Cleanliness Is An Asset

The company described in this month’s cover story has a second-floor meeting room with a window overlooking the shop floor. One characteristic of the shop is immediately clear from this perspective: The shop is clean.

Columns From: 2/5/2004 Modern Machine Shop, ,

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Peter Zelinski

The company described in this month’s cover story has a second-floor meeting room with a window overlooking the shop floor. One characteristic of the shop is immediately clear from this perspective: The shop is clean. Oil and grime are wiped from the machines; chips are swept from the floor; and loose items such as tools, gages and unfinished parts are not allowed to clutter, but instead are kept stored and organized. Aesthetically, the shop is pleasant to look at and comfortable to visit. The shop gives off a positive vibe.

But the company president has benefits in mind that are more tangible than an aesthetic effect. What he has in mind is more specific even than just a pleasant working environment, though this is certainly a consideration. He sees his well-cared-for shop delivering important strategic value. The very practical benefits he realizes are worth evaluating for any shop in which basic care and cleaning have been allowed to sink to a low priority. Those benefits include:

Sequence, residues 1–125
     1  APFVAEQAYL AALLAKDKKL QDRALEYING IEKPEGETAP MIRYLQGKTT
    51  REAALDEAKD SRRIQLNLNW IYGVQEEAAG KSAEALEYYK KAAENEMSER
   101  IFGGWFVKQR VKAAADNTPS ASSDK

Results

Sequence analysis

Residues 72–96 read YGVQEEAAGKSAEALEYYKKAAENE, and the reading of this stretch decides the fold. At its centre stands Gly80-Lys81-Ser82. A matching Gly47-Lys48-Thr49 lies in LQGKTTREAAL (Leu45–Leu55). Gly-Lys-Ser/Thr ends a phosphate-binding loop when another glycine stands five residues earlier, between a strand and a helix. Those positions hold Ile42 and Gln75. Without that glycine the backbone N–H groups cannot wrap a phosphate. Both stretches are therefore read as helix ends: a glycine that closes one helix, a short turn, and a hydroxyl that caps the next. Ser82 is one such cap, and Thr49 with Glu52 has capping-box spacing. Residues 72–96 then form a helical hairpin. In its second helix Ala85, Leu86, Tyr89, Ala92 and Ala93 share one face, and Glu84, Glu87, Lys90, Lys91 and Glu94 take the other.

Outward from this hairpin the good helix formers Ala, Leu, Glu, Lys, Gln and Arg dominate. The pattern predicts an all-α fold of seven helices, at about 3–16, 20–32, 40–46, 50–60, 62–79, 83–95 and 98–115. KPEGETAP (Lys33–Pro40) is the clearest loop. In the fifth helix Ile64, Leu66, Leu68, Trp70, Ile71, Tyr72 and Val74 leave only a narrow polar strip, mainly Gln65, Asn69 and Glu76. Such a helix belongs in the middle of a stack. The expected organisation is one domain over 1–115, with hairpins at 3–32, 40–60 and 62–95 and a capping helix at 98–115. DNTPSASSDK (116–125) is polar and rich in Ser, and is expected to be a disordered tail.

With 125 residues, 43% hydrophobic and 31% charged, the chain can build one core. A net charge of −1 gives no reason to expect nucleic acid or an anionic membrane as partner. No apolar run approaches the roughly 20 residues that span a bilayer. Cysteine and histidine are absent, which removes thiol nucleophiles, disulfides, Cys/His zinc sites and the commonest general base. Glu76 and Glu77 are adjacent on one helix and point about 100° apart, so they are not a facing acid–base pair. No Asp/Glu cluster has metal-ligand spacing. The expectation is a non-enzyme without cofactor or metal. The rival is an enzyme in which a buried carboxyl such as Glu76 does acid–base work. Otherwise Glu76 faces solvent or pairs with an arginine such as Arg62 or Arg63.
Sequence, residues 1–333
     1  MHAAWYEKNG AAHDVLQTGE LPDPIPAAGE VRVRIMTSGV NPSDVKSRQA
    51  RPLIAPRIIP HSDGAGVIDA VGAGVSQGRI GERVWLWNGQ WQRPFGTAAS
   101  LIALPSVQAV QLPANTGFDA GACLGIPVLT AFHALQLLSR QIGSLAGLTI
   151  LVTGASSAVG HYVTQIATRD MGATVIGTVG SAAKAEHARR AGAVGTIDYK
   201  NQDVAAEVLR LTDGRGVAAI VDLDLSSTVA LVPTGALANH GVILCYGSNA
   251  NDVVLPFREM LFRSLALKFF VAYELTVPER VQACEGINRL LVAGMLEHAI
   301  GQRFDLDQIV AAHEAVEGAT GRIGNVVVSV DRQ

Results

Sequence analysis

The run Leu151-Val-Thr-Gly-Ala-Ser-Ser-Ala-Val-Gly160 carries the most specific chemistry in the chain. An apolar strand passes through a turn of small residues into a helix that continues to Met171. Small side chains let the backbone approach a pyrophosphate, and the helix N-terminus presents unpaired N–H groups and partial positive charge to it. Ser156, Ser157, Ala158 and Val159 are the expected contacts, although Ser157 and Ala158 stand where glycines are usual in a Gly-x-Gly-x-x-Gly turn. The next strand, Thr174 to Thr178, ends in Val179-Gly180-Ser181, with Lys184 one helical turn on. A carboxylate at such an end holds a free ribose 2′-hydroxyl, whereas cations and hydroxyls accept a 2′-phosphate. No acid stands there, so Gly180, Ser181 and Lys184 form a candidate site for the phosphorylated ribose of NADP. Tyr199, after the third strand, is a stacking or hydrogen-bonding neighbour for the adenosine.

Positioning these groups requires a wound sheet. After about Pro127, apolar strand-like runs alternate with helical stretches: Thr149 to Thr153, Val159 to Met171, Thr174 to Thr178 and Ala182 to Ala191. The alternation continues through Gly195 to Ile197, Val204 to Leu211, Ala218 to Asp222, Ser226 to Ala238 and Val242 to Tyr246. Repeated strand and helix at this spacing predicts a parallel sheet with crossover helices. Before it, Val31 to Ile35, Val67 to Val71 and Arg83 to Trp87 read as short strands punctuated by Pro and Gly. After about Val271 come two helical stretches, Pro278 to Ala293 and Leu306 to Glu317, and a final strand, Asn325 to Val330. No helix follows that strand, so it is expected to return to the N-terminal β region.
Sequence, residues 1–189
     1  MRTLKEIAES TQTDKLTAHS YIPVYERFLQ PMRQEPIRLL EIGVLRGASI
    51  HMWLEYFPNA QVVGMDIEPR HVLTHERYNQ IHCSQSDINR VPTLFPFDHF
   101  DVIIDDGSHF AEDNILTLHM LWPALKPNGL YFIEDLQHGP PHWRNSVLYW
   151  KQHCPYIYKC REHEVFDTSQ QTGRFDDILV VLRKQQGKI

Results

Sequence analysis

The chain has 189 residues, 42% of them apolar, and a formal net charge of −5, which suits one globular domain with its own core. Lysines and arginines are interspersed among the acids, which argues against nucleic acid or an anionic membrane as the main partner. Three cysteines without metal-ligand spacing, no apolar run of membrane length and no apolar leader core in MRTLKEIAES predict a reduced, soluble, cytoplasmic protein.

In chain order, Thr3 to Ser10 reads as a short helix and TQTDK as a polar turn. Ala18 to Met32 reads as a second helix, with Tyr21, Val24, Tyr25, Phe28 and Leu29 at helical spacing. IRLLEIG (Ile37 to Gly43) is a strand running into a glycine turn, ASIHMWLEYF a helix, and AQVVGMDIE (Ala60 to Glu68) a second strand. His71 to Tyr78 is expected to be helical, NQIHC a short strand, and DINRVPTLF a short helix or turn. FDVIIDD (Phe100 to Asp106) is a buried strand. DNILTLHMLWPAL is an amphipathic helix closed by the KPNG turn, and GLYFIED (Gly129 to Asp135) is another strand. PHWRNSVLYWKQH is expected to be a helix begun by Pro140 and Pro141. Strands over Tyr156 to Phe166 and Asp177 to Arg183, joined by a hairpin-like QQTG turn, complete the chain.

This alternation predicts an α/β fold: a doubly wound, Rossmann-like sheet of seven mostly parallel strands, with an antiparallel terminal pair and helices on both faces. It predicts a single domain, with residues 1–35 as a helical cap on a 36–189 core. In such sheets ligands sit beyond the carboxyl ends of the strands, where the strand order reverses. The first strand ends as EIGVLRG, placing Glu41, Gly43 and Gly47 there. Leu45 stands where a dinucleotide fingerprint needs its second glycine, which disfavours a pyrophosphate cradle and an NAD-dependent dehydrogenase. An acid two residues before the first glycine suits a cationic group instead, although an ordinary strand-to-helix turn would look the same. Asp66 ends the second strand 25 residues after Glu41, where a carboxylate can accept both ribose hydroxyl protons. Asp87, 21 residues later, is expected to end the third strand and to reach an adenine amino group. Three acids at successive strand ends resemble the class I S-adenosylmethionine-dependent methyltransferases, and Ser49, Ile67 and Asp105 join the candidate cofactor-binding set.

1.  Employee retention. Shopfloor employees are weighing their options, as any alert shop owner recognizes. A shop has to market itself not just to customers, but also to its good employees.

The clean shop is valuable here. Odds are, any other given employer will have a shop that is less clean than this one.That visible difference creates the first impression in a searching employee’s mind, and it may plant seeds of doubt.The existing employee who visits another shop may legitimately wonder: Does this company value its shopfloor resources less? Does it value its business and its employees less as well? The employee who can’t answer these questions to his or her own satisfaction is less likely to make the jump.

  2.  Machine tool service. Machine tool suppliers sometimes give their service personnel some latitude to choose their own assignments, based on seniority. The company with a clean shop offers an attractive environment for these service personnel to visit. The president of this particular clean shop is convinced that his facility attracts a higher percentage of more experienced service personnel directly as a result of the commitment to cleaning.


  3.  Resale value. Other manufacturers in the region know about the company, and they know what the shop floor is like. They know how well the company’s equipment is cared for. Used machine tools the company is trying to sell therefore move more quickly, or command a higher price, based on the strength of this positive impression.

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